Arise Church: Pathfinding Report
Arise Church: Pathfinding Report
The much awaited report is out. The Arise Board had committed the full release of this report back in June but has been held up due to some legal action. The report, compiled by Pathfinding, a consultancy firm for charitable organisations, was leaked to journalist David Farrier on Monday this week. Since then it has been covered by TVNZ, RNZ and Stuff. The Review was ‘commissioned’ by the Arise Board almost immediately after the first allegations of the mis-treatment if not abuse of members were published by Farrier back in April and it had the Cameron’s full support so it seemed. This was an encouraging sign that the leadership of Arise wanted to do the right thing.
- In total, 545 people completed submissions for the review, including from every campus (12) across the country, past and present Ministry School students, current and former members, staff and past board members. To be precise of the 545 submitters, 325 were current members (or 59%), 188 former members and 32 not specified.
- There are “countless stories” of exhaustion, burnout, and mental and physical breakdowns by students of the church’s Ministry School were reported. Meanwhile, some in the training centre for the church reported living in impoverished conditions.
- The report is 49 pages long and has made 92 recommendations. Among them: having the whole board resign, ensuring Sunday is considered a workday for staff, commissioning an independent review of the church finances, establishing time limits for Ministry School students working in the church, and disallowing tithing for children.
- It concludes with an important reminder that though there are systemic and serial problems deep within the culture of Arise many people including submitters had found a place of belonging and personal growth. You can find this on P45.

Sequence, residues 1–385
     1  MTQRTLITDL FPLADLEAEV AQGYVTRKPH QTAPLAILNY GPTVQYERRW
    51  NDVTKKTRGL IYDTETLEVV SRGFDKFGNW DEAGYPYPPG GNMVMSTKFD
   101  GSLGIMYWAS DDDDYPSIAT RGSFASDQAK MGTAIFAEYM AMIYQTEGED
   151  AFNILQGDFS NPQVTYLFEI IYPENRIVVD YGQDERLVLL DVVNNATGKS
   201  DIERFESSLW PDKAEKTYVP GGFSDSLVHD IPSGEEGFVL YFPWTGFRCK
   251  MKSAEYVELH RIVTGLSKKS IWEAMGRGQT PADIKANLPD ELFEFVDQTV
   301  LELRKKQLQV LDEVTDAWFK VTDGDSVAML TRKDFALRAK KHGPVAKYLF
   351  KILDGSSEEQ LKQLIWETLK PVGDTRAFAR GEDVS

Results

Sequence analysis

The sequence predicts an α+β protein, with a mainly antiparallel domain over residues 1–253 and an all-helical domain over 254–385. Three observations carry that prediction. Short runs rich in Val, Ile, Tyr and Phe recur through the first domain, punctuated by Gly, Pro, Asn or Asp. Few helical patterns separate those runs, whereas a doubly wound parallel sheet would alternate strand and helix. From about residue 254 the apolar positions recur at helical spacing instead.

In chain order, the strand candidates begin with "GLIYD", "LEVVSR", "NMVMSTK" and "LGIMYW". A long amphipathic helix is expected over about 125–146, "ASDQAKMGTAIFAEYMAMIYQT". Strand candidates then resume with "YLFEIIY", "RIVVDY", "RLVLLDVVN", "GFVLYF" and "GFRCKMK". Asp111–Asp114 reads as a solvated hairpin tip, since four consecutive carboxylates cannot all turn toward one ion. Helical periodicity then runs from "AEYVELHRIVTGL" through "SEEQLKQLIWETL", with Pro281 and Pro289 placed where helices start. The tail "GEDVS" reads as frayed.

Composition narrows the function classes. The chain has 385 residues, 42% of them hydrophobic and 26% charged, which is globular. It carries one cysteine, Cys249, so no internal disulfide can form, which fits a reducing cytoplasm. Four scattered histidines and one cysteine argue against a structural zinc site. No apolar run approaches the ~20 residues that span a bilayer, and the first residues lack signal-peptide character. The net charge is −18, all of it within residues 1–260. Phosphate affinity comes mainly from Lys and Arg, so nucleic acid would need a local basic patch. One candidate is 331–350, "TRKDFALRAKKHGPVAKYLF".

- Section 17 (P46) titled, ‘Apology and Restoration’ along with 5 recommendations is an excellent guideline as to how to help people you have hurt and how best to help them deal with the pain and hurt they have experienced and hopefully come to a place of forgiveness.
The report makes for sad reading…..very sad. And so do, for that matter, the stories coming out of the ‘Abuse in Care-Royal Commission of Enquiry’. It goes without saying that no church on God’s good earth is perfect but the systemic and serial mis-treatment and abuse of people’s goodwill (and in many cases vulnerabilities) over a long period of time is way beyond the pale.
A lot more needs to be prayerfully reflected on and talked about. We need to talk about Good Governance and what that looks like in churches of different sizes and clearly defined accountability processes for all people in Leadership especially senior pastors. We need to talk about this new(ish) phrase ‘toxic positivity’ and a much more biblical (and nuanced) understanding of what the Bible means when it says, “Let the elders who rule well be counted worthy of double honour, especially those who labour in the word and doctrine”. 1 Timothy 5:17. Otherwise known as an honour culture. We need to talk again about ‘tithing’ and offering talks and financial disclosure policies. We definitely should talk more about charisma (or personality) of leaders vs character of those same leaders. My blog next week will make a small contribution to this conversation.
In the meantime, I do think that report can serve all of us really well. I would recommend we see it as a template, a document that can help us do an ‘internal audit’ of not just our finances but our systems and structures, our processes and policies, our leadership philosophy and decision making practices and of course the culture of our church/organisation.
Finally. I would like to highly recommend Frank Ritchie’s paper, “Arise Church: A Theological and Cultural Reflection’ that you can find here. Frank was on the Pathfinding Team for this review and has done some long and hard thinking about many of the above mentioned topics.